Minnesota also held the advantage in hits (13-10), while Boston led in blocked shots (2-0), takeaways (2-1) and faceoff win percentage (59-41).
Both teams managed to have one giveaway each entering the first intermission, while the Wild were 2/5 on the power play and the Bruins were 1/2.
Alex Goligoski picked up an interference infraction at 4:27 of the second period, but Boston’s power play went by the wayside without tying things up.
Midway through the period, Kaprizov tried to free the puck from near the boards out of his own zone before bumping into Grzelcyk, causing Kaprizov to fall into a vulnerable position before Frederic came along and made a check that was a bit too strong to cash.
Kaprizov crashed into the boards awkwardly and skated off with the help of a trainer while his right arm remained pretty limp. He would not return for the night with an upper body injury, as the Wild PR team later tweeted.
Frederic was assessed a boarding minor (that Craig Smith ended up serving) and a five-minute major for fighting as Dmitry Kulikov stood up for his fallen teammate and exchanged fisticuffs in what was Boston’s seventh fighting major of the 2021-22 season.
The Bruins’ penalty kill stood tall until they were caught in the vulnerable minute after special teams action as Marcus Foligno and Boldy played a little catch as Boldy (1) dished the puck to Foligno entering the zone before receiving a pass back and burying a shot on Swayman’s blocker side to extend Minnesota’s lead.
Foligno (8) and Brodin (13) tallied the assists on Boldy’s first career NHL goal with lots of family and former Boston College teammates in attendance at TD Garden.
The Wild led, 3-1, at 12:26 of the second period as a result.
Less than a minute later, Bergeron made his way to the box for the second time in the game– this time for interference at 13:03.
Shortly after Minnesota’s power play came to an end, however, the Wild ended up shorthanded as Dumba caught Reilly without the puck and picked up an interference minor of his own at 15:10.
This time, the Bruins capitalized on the ensuing power play.
Marchand sent a shot attempt towards the net that was blocked before the B’s continued to work the puck around the attacking zone.
Suddenly, Bergeron made a no-look pass from the slot to where he expected Marchand to be and Marchand (12) buried a one-timer from the dot to bring Boston to within one goal.
Bergeron (14) and Grzelcyk (7) nabbed the assists on Marchand’s power-play goal and the Bruins trailed, 3-2, at 15:35 of the second period.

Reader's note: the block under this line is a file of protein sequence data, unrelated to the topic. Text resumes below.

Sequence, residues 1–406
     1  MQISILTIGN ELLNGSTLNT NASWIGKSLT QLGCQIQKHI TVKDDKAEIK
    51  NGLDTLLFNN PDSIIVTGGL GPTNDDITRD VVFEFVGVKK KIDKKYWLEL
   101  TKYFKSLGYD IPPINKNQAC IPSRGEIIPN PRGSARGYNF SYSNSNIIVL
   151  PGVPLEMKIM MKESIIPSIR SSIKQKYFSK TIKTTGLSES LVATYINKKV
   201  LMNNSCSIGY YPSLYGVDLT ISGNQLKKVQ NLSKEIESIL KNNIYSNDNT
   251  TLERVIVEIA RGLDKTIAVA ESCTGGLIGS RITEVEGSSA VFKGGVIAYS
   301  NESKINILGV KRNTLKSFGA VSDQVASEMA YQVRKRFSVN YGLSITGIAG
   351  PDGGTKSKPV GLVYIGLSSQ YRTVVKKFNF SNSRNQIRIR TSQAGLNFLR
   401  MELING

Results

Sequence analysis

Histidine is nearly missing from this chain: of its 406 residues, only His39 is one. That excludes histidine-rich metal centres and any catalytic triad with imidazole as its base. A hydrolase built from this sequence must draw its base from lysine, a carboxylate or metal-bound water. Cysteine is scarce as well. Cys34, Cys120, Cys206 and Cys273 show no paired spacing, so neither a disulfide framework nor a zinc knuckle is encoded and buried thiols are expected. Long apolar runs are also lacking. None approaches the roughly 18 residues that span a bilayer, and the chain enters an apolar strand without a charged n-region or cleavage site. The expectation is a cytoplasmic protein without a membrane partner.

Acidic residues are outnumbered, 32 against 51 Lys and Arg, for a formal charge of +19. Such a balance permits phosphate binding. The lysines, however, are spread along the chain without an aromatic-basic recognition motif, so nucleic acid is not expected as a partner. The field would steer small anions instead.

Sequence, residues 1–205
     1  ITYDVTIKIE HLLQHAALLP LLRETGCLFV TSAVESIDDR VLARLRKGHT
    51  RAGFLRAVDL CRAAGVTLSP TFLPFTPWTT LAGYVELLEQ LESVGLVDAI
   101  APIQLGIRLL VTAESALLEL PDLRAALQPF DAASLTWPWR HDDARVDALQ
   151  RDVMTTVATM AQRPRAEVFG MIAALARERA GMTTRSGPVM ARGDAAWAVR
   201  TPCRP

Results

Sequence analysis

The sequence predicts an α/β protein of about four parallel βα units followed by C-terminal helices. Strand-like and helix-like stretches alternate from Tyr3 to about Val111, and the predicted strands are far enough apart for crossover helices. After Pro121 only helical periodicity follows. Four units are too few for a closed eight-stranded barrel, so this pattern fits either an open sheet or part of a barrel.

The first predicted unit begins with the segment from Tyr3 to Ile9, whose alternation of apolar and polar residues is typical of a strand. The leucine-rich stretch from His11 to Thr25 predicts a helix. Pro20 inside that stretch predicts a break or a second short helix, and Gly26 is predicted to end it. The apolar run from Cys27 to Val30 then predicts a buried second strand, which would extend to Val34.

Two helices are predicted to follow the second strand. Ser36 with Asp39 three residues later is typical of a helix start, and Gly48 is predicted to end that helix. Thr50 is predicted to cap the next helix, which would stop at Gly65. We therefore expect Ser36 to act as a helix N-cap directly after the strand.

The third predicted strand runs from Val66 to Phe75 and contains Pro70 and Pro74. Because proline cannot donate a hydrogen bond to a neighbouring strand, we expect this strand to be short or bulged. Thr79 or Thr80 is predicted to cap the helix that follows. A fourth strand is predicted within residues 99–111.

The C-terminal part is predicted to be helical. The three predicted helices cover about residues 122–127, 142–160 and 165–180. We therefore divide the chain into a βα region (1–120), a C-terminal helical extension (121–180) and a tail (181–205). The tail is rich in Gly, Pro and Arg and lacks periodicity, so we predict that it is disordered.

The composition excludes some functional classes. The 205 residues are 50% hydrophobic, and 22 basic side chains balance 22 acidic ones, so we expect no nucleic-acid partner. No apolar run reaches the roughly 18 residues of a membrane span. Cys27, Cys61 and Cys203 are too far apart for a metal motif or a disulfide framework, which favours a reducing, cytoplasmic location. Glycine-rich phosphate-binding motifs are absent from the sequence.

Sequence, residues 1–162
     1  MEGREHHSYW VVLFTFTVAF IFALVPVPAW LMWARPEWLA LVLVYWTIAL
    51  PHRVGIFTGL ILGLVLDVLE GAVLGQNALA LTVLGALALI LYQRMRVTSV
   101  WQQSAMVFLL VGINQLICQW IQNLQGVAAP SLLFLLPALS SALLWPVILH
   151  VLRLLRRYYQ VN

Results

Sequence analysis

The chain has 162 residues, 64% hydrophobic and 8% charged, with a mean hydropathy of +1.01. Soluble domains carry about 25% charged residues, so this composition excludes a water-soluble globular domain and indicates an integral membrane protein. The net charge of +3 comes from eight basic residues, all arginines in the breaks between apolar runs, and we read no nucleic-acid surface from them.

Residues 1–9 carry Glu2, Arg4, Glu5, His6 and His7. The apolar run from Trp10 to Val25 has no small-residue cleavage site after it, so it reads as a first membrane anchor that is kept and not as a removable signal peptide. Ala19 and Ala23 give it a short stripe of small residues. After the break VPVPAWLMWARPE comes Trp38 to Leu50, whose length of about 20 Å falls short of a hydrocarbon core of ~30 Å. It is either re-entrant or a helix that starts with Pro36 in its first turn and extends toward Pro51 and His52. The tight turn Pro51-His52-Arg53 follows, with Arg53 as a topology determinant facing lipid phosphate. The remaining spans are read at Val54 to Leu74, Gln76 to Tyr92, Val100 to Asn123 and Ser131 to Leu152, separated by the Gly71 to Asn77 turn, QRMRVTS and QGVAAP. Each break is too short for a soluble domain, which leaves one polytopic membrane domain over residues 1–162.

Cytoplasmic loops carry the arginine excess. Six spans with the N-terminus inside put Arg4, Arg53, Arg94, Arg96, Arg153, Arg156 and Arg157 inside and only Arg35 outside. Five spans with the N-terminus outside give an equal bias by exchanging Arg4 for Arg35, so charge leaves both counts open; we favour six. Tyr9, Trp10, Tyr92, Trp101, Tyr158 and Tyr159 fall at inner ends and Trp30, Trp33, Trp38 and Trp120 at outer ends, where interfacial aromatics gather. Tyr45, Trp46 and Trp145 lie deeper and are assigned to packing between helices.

Through 40 minutes of action on Thursday, the Wild led on the road, 3-2, and held an advantage in shots on goal, 24-21, despite trailing, 11-10, in the second period alone.
The Bruins, meanwhile, led in blocked shots (6-2), hits (25-16) and faceoff win% (58-42), while both teams had four takeaways and three giveaways each.
Minnesota was 2/7 on the power play and Boston was 2/4 on the skater advantage heading into the final frame.
After injuring Kaprizov and drawing the ire of the Wild, Frederic had to confront Minnesota’s Foligno brother in an exchange of fisticuffs at 1:12 of the third period.
The trouble is that Frederic couldn’t help himself in making his case any easier for him as he also drew a high sticking minor in addition to the five-minute major– totaling minutes in penalties on Thursday.
It was the second fight of the night and decisively shorted than the first with Foligno getting the takedown and five minutes worth of a fighting major of his own.
Minnesota’s ensuing power play was cut short when Rossi tripped Carlo at 1:24, but Boston couldn’t score during the ensuing abbreviated power play.
In fact, neither team could put one up on the scoreboard in the third period as time ticked away, Cassidy pulled his goaltender with about 1:28 to go, used his timeout after a stoppage with 1:23 remaining, then the final horn sounded– signaling a Wild victory.
Minnesota won, 3-2, despite finishing the night trailing in shots on goal, 38-30, as Boston amassed a, 17-6 advantage in shots in the third period alone.
The Wild exited TD Garden leading in blocked shots (10-9), while the B’s left their own building with the advantage in giveaways (7-5), hits (33-23) and faceoff win% (60-40).
Minnesota finished the night 2/8 on the power play, while Boston went 2/5 on the skater advantage.
The Bruins dropped to 11-5-0 (5-3-0 at home) when scoring first, 3-6-1 (3-3-1 at home) when trailing after one period and 3-8-2 (3-4-1 at home) when trailing after two periods this season.
The Wild improved to 7-8-1 (3-5-1 on the road) when allowing the game’s first goal, 13-0-1 (7-0-0 on the road) when leading after the first period and 12-0-1 (8-0-0 on the road) when leading after the second period in 2021-22.
The Bruins hit the road for a quick two-game trip through Tampa, Florida against the Lightning on Saturday and Washington, D.C. against the Capitals next Monday (Jan. 10th).
Boston will return home to host the Montréal Canadiens in a game that was originally slated to be at Bell Centre prior to the rise of the Omicron variant prompting the NHL to move up Boston and Montréal’s March 21st game scheduled at TD Garden to Jan. 12th– kicking off a seven-game homestand for the B’s as a result.
Tickets for March 21st will be honored on Jan. 12th and the original game that was slated to be in Montréal is postponed to a later date (TBA).